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Kites have been used for hundreds of years to observe the skies, but now Filipino scientists and engineers are using them to observe our oceans. The brainchild of scientists and engineers from University of the Philippines, De La Salle University, and the Mapua Institute of Technology, the Automated Rapid Reef Assessment System (ARRAS) is designed to survey large reef areas in a short amount of time, low-cost, and to be easy to dismantle and transport.
This aerial photography system consists of a small digital camera and GPS unit attached to a stabilizer, which is then attached to a kite. The kite deployment team flies the kite from the survey boat and controls its movement. The camera is programmed to take photos once every second to coincide with the GPS readings recorded.
What do marine scientists need aerial photos for?
The aerial photos, combined with dive surveys, allow scientists to view an area at different scales, giving them a better understanding of the area. The aerial photos also serve as permanent visual records.
"Since [ARRAS] is a repeatable process, one can use these images to see the changes occurring in the coral coverage area through time, such as if the area is expanding through rehabilitation or decreasing through natural or man-made events," says Darryl Kim Natividad, a research assistant attached to the project.
With ground control points and accurate GPS readings, scientists deployed ARRAS in Tubbataha Reef to measure the reef scars caused by the grounding of the USS Guardian and the F/V Min Long Yu earlier in the year.
But why a kite?
There are three ways to get a camera in the air: a balloon, an Unmanned Aerial Vehicle (UAV), and a kite. The ARRAS team tested the balloon and the kite, with the kite winning because of the low cost, ease of transport, and fast deployment. "The balloon is good for no-wind conditions. But when the wind is moderate to strong, the balloon tends to sway. Balloons also need helium, which isn't cheap and readily available. On the other hand, kites are good for moderate to strong winds. It can also still be used in no-wind conditions as long as your vessel is moving to keep the kite in the air. It's also easy to deploy and fold for storage," says Natividad.
Though the project is simple in theory, it becomes complicated during the field work. Kite aerial photos must be perpendicular to the camera and completely clear for ease of georeferencing. The best time to take photos are early in the morning (8-9am) or late afternoon (4-5pm) to minimize glint and at low tide in order to see the bottom more clearly. However, these conditions seldom occur together in the field.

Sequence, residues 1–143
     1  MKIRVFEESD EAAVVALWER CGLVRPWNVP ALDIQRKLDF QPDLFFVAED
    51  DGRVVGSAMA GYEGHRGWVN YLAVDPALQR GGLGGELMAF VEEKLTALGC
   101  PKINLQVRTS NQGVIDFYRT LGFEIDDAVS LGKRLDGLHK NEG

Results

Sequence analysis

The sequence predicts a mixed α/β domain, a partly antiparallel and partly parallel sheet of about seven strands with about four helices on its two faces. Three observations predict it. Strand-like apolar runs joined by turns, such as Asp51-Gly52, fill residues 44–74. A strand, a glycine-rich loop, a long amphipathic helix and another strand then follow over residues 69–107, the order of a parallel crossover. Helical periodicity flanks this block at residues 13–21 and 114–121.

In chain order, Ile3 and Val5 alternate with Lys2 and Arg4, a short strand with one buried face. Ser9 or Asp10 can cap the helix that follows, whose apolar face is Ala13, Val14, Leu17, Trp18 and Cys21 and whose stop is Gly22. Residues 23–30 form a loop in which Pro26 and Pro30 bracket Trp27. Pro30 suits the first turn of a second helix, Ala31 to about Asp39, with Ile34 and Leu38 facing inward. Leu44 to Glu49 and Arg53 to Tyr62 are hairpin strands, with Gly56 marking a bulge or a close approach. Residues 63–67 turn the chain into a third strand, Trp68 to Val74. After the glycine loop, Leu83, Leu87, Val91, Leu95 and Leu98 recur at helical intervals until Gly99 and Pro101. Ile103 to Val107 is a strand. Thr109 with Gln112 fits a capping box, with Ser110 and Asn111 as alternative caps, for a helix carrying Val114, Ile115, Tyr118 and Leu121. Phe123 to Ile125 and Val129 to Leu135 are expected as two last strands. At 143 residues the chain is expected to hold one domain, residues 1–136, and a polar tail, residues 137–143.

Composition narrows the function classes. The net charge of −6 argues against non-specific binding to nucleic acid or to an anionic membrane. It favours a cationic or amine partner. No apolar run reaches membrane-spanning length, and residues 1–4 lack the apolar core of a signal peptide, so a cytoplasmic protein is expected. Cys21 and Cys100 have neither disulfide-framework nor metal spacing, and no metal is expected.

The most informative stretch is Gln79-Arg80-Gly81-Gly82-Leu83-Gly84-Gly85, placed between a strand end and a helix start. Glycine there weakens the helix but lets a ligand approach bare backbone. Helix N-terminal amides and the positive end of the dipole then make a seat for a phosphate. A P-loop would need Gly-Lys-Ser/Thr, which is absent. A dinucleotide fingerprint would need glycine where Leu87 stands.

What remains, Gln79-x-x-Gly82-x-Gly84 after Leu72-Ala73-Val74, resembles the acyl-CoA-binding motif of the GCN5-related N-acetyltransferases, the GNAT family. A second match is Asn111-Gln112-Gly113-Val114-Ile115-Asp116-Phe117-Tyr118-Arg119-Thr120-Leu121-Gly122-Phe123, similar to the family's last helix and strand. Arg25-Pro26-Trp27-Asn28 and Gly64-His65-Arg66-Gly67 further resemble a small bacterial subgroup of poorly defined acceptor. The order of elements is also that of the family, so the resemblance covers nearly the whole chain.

"We may be in an area at the right time but there's no wind. Or there is wind but our timing is off. We need to scout an area during our initial visit so this causes us to miss the no-glint period. We also can't go back to the same area as we have other locations to visit. This is one of the reasons why it would be better for the locals to do this. They know the area and can stay longer", says Natividad.
Since the start of the program, the ARRAS kite team has visited several locations in Philippines, including Iloilo, Cebu, Zambales, Sorsogon, Cagayan, Mati, Tawi-Tawi, Palawan.
The ARRAS project is composed of teams from the Marine Science Institute (headed by Dr. Cesar Villanoy) and the National Institute of Physics (headed by Dr. Maricor Soriano) from the University of the Philippines, De La Salle University-Manila (headed by Dr. Wilfredo Licuanan), and Mapua Institute of Technology (headed by Engr. Roel John Judilla).
Looking out for Philippine coral reefs
The Philippines lies within the Coral Triangle, said to be the center of the center of marine biodiversity. The Philippine coastline stretches 17,460 km, shared among more than 60% of the country's local government units and provinces. Coastal waters measure 266,000 km2 - bigger than the country's land area. Philippine coral reefs cover over 2.5 million hectares, providing ecosystem services including food, protection from storm surges, breeding and feeding ground of endangered species, natural products, and jobs through recreation and tourism. These ecosystem system services have a potential value of 38.7 trillion pesos per year. However, only 5% of Philippine reef areas are considered to be in good condition. Coral reefs are threatened by climate change and local human-caused stresses such as improper coastal development, sedimentation, pollution, overfishing, and destructive fishing practices. (Photos by Darryl Kim Natividad and Leilani Solera) — TJD, GMA News